There is another connection I would like to take a closer look at: Sleep apnea and MS. This is a connection that has not been talked about in too much detail, but it appears to be one we might want to begin to pay closer attention to.
Fatigue and sleep complaints are commonly experienced by those living with multiple sclerosis (MS), which is an autoimmune disorder that affects the brain and spinal cord. A recent study suggested that while depression plays a role in MS-related fatigue, sleep disturbance is the biggest contributor—that is where sleep apnea comes into the picture.
An explanation for sleep-related fatigue experienced by those living with MS had something to do with obstructive sleep apnea. According to the study, sleep apnea was prevalent in people with MS. It also suggests that OSA may be a contributor to the fatigue that is one of the most common and debilitating symptoms of MS. It is definitely worth keeping an eye on and potentially improving symptoms through the treatment of sleep apnea. While sleep apnea treatment can’t eliminate MS, it can hopefully help with the increased fatigue portion of symptoms.
What is the Connection?
As stated before, sleep apnea is a serious medical condition that is characterized by frequent pauses in breathing while a person is asleep. After the breathing pauses, the person’s lungs catch up by taking deep gasps of air. Some nights a person may even snore violently or choke from oxygen deprivation. The nerve spasms associated with MS are often the causes of related sleep apnea. If a person suffers from sleep apnea, it should be addressed immediately to prevent long-term damage to the body.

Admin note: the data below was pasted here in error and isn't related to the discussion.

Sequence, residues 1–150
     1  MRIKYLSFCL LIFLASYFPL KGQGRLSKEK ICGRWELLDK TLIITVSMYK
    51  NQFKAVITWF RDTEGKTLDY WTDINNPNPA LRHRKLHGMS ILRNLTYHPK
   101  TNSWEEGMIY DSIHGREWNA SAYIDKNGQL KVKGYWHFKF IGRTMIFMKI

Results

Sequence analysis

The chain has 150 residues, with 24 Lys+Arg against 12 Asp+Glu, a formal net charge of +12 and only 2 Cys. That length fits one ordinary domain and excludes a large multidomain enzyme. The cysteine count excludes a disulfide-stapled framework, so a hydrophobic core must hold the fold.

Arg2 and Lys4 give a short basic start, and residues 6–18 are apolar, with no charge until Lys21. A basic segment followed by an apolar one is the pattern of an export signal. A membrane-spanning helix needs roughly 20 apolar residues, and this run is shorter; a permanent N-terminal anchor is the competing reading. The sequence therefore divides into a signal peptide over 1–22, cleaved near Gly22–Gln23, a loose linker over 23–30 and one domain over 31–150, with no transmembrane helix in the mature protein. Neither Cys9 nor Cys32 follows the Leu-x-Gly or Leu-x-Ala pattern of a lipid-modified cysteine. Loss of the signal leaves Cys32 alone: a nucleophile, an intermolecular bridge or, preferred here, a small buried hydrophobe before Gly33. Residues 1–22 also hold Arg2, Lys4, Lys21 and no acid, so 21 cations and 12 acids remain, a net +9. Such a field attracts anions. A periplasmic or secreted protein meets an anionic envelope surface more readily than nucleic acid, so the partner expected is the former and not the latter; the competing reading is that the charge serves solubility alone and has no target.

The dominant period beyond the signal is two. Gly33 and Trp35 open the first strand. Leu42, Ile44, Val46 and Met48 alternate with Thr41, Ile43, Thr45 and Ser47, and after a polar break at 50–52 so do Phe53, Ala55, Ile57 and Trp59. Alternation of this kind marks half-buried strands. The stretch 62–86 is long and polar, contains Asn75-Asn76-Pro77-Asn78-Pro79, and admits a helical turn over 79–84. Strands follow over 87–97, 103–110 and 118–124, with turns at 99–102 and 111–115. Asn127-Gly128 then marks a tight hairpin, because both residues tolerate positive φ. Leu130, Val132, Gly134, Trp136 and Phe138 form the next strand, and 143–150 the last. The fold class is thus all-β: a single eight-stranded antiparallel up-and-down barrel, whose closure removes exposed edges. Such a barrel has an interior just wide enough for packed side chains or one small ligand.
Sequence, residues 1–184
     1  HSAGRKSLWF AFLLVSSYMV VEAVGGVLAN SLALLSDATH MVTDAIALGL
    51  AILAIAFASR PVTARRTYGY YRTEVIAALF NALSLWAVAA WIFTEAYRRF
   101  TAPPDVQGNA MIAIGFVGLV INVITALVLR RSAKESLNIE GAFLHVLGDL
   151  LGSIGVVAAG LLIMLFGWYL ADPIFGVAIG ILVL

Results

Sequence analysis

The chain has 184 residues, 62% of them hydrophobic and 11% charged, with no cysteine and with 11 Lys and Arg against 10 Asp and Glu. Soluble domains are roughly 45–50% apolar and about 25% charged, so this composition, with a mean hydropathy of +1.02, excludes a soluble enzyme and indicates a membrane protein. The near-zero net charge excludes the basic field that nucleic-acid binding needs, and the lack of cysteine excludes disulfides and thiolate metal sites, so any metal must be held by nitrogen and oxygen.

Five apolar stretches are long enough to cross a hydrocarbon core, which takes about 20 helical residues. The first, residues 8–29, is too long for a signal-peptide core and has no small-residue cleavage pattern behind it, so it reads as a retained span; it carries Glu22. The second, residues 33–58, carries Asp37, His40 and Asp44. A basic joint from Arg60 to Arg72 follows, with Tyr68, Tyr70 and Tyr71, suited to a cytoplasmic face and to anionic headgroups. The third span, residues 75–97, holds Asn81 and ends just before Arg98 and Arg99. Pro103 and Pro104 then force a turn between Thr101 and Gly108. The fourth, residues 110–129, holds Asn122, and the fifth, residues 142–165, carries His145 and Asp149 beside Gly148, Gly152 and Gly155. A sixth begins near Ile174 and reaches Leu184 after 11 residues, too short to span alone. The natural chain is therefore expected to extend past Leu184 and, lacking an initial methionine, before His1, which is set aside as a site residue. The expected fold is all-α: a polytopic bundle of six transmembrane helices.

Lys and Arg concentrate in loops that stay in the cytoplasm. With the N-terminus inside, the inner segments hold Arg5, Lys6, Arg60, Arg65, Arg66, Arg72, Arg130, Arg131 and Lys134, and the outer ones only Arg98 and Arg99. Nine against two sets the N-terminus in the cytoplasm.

Approximately one-fifth of MS patients surveyed had OSA and more than half were found to have an elevated risk for OSA based on screenings. Because fatigue is a common symptom of MS, it might pose as an excuse as to why they cannot sleep at night. However, this mistake needs to be avoided because many times the lack of sleep can be linked to something bigger. OSA can often be easily and effectively treated with oral appliance therapy to not only relieve sleep apnea symptoms, but potentially improve MS symptoms, too.
If you have a patient ha has been diagnosed with MS, it may be a good idea to discuss the possibility of OSA, especially if they are experiencing fatigue. For more information on sleep apnea, please contact my office today. While we continue to learn more about this connection, let’s continue to keep an eye it—you might be just what your patient needs to find some relief.